The above-mentioned adsorbents are discussed in U.S. Pat. No. 4,692,318 which issued to Tolpin et al. on Sep. 8, 1987. This patent is hereby incorporated by reference herein.
Referring to FIG. 1, there is schematically shown one embodiment of the present invention. A gas-solid reaction system comprising reaction vessel 10 is shown having an entrance region 17 and an exit region 19. A protective layer 15 of inert ceramic and/or alumina pellets or spheres is shown placed in the area of the entrance region 17 of the gas-solid reaction system container 12. A second protective layer 15' is shown separating the first solid adsorbent bed 20 and the second solid adsorbent bed 22. A support zone 25 may also be disposed inside the container in the area of the exit region 19 resting on a support grid 26. The protective and support layers assist in maintaining the reaction system integrity, especially when the gas stream is in contact with the reaction system, but are not essential to the practice of this invention.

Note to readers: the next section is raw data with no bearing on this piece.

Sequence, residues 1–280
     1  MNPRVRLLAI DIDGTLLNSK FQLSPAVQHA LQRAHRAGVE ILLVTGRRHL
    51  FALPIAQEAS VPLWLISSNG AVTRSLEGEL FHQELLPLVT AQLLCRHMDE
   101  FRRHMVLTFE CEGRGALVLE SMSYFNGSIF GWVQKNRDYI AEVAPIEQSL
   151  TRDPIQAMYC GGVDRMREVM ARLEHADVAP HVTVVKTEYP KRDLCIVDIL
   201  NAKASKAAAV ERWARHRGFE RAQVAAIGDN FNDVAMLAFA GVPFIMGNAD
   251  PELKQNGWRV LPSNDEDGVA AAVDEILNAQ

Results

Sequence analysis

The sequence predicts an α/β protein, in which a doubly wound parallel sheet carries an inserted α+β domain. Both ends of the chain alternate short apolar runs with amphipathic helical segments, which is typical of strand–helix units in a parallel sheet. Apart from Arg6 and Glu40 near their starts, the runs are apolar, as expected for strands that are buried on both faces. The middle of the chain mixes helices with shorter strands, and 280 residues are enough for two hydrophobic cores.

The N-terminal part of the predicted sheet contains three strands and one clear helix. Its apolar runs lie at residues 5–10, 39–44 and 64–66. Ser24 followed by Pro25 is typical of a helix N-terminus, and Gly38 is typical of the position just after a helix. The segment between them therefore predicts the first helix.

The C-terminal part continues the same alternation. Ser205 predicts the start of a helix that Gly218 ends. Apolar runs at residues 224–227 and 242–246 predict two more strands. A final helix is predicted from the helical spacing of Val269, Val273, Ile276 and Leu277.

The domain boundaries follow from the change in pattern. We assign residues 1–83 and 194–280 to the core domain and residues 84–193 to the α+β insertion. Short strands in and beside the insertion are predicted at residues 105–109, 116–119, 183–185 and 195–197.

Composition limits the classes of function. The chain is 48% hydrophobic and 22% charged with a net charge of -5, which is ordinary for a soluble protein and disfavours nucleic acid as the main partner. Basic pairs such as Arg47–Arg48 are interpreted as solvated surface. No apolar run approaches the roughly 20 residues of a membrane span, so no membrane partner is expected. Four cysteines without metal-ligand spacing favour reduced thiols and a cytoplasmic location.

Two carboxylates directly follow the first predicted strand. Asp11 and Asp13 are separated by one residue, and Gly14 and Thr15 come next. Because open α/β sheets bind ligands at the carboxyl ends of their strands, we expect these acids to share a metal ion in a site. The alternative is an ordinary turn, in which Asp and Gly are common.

Referring to FIG. 2, there is shown a system for connecting and operating two reactor systems similar to the one shown in FIG. 1 in parallel. In this embodiment of the present invention, a waste gas stream 119, containing, for example, sulfur oxides, is fed to a fixed-bed gas-solid reaction system 120 containing at least two solid adsorbent beds 122 having at least two different particle sizes with the larger particle size disposed inside said container in the area of the reaction vessel entrance. The solid adsorbent beds 122 adsorb substantially all of the sulfur oxide from the waste gas stream 119 and provide a treated gas stream through outlet conduit 124. The treated gas stream is fed through a valve system (not shown) to a line 125 leading to an incinerator or stack. While in an adsorbent mode, the reaction vessel 120 is operated at a temperature from about 400° F. to about 1,400° F. A temperature from about 900° F. to about 1,300° F. is preferred. The oxygen content of the waste gas stream 119 entering the solid adsorbent bed ranges from about 1 to about 5 vol %, with about 4 vol % preferred. Pressure within the reactor 120 should be maintained at a pressure of about 0.1 to about 10 atmospheres, preferably about 1 to about 2 atmospheres. The gas hourly space velocity (GHSV) should be about 500 to about 50,000 hr- 1, preferably, about 1,000 to about 20,000 hr-1, more preferably, about 3,000 to about 5,000 hr-1.